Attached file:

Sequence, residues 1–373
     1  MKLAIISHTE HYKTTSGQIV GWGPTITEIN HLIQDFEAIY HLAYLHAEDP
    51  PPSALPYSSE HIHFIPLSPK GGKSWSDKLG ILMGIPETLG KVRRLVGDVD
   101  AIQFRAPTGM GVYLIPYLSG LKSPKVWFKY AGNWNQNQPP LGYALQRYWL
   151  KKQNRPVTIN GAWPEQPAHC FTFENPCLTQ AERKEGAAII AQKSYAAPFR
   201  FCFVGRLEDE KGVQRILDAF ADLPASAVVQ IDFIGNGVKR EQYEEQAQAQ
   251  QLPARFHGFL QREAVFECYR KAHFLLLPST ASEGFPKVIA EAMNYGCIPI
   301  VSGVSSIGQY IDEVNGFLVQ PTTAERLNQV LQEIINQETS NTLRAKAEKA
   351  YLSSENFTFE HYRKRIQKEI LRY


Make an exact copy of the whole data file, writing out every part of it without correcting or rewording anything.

Sequence, residues 1–373
     1  MKLAIISHTE HYKTTSGQIV GWGPTITEIN HLIQDFEAIY HLAYLHAEDP
    51  PPSALPYSSE HIHFIPLSPK GGKSWSDKLG ILMGIPETLG KVRRLVGDVD
   101  AIQFRAPTGM GVYLIPYLSG LKSPKVWFKY AGNWNQNQPP LGYALQRYWL
   151  KKQNRPVTIN GAWPEQPAHC FTFENPCLTQ AERKEGAAII AQKSYAAPFR
   201  FCFVGRLEDE KGVQRILDAF ADLPASAVVQ IDFIGNGVKR EQYEEQAQAQ
   251  QLPARFHGFL QREAVFECYR KAHFLLLPST ASEGFPKVIA EAMNYGCIPI
   301  VSGVSSIGQY IDEVNGFLVQ PTTAERLNQV LQEIINQETS NTLRAKAEKA
   351  YLSSENFTFE HYRKRIQKEI LRY